What this means is that the problems the Church faces in evangelizing our culture are not due simply to the fallout of the sixties, but in fact go to the core of the American way of life, which in many ways is derived in its worldview from the Enlightenment.

Now, this isn't to say that there is nothing good in American culture for the Church to engage in... that's not what these scholars are saying. Their point is that out culture is not as open to the Gospel as many theologians have heretofor believed, and that we need to take a more discerning (critical) approach in how to reach those who live in this culture.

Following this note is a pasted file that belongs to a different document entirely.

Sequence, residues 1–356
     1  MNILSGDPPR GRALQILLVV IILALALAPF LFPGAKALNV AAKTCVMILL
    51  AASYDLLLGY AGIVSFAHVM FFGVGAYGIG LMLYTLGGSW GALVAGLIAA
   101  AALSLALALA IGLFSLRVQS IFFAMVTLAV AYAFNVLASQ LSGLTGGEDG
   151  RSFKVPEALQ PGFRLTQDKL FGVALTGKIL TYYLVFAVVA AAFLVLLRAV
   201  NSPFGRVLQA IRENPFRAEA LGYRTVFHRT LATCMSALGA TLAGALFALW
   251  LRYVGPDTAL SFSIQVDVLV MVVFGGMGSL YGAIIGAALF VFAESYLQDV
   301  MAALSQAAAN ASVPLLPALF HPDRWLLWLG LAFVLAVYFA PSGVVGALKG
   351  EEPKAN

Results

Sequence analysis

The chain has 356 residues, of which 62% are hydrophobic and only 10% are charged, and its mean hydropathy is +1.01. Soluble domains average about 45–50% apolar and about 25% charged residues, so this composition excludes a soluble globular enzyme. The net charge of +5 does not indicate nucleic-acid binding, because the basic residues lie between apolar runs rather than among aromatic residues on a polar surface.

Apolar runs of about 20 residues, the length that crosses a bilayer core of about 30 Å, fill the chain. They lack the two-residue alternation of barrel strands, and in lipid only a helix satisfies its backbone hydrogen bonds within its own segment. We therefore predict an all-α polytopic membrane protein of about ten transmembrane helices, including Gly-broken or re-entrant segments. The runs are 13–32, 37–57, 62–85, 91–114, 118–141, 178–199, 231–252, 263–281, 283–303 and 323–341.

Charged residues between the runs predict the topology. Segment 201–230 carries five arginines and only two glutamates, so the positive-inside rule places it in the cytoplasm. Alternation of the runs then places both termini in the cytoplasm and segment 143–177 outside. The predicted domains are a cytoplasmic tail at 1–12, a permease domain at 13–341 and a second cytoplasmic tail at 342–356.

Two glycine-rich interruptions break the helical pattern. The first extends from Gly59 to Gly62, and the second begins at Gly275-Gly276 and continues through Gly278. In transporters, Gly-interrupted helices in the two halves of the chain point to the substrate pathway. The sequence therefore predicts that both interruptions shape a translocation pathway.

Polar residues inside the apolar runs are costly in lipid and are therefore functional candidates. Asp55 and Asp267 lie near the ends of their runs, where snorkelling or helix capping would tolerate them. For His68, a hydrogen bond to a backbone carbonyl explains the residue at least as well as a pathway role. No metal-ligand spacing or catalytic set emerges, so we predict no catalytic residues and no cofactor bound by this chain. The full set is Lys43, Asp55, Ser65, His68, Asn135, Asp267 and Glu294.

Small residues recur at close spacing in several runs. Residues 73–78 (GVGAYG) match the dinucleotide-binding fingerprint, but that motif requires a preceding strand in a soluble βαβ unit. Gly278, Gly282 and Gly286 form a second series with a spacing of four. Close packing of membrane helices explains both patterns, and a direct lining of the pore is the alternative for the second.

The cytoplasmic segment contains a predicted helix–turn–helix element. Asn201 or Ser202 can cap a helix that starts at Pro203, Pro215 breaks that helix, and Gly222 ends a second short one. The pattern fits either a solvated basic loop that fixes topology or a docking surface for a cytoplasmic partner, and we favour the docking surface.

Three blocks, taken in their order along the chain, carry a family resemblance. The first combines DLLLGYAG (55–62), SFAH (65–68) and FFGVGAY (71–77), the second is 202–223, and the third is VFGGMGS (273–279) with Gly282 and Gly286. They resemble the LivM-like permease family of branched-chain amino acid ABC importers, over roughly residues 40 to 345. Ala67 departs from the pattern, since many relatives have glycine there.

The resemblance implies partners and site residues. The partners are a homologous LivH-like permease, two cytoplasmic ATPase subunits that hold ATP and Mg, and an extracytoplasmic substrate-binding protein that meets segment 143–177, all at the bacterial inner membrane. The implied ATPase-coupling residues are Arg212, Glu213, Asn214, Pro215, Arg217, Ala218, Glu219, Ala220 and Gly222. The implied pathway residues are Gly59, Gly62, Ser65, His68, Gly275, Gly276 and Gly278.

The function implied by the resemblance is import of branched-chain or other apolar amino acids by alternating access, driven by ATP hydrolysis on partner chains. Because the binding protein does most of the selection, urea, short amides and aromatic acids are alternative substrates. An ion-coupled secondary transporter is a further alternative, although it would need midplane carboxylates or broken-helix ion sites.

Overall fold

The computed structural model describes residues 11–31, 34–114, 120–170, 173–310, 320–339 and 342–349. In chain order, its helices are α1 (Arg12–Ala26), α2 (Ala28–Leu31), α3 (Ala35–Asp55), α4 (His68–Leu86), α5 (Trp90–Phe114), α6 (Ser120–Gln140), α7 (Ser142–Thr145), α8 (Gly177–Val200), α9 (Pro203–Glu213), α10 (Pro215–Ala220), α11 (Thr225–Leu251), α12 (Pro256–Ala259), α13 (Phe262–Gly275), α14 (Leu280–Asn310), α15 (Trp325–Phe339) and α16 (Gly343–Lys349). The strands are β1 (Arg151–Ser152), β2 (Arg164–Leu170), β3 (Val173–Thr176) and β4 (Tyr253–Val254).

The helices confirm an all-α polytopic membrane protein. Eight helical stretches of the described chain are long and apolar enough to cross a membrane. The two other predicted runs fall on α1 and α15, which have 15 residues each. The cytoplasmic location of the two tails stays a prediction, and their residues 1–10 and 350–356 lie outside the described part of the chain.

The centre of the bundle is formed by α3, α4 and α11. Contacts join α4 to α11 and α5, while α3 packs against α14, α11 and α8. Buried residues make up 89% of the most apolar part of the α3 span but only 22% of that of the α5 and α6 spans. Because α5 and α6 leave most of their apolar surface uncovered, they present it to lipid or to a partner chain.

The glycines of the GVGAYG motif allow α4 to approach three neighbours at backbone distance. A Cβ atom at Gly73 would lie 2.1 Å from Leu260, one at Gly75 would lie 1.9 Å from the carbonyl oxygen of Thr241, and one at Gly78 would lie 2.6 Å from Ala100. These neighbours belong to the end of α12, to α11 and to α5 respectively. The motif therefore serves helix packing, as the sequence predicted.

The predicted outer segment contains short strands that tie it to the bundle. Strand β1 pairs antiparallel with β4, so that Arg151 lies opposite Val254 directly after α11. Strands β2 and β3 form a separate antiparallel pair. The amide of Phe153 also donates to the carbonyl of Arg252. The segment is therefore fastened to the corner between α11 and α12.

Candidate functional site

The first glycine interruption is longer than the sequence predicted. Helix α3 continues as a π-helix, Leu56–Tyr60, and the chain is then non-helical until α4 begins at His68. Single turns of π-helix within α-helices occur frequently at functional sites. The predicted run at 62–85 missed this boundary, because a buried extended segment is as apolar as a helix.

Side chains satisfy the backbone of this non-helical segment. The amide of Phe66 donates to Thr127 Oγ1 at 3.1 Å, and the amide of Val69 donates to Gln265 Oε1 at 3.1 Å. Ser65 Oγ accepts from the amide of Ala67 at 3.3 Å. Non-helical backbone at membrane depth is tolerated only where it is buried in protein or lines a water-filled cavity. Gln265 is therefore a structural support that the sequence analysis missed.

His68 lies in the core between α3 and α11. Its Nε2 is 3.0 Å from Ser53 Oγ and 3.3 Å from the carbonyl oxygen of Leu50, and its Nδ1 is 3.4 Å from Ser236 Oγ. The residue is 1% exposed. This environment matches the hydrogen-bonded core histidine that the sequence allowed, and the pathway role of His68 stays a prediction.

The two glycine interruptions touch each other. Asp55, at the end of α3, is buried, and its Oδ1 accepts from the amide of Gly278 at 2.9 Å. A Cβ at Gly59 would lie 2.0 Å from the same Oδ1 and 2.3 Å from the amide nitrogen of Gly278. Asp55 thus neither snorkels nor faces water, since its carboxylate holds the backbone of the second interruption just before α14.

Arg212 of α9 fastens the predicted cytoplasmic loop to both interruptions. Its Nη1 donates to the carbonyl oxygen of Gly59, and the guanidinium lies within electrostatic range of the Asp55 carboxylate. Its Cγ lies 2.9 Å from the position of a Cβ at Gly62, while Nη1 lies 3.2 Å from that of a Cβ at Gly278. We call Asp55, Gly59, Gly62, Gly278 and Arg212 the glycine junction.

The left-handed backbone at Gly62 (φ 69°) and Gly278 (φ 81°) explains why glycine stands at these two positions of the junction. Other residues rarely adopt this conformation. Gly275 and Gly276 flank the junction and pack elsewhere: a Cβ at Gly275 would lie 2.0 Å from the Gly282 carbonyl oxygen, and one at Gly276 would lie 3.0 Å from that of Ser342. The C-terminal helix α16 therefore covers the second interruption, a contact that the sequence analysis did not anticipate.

My interest in this line of thought goes back to my grad days in Rome, when I "discovered" the debate between David Schindler on one hand George Weigel, Fr. Richard Neuhaus, and Michael Novak on the other. That debate centered on the same question: how Christian is American culture, actually but more importantly, potentially? The discussion dated back to the mid-eighties, when Cardinal Ratzinger referred to American culture as bourgeois. Weigel denied the claim, Schindler countered with a defense of Ratzinger's reference, and they were off. The debate raged in particular over the next several years, and although it has cooled off since then, it has never completely faded, as Rowland's contribution indicates.

Rowland's book is definitely not written for the layman, but I would still recommend it if you're interested in anything I've stated here, which itself is woefully incomplete, but does the job for now.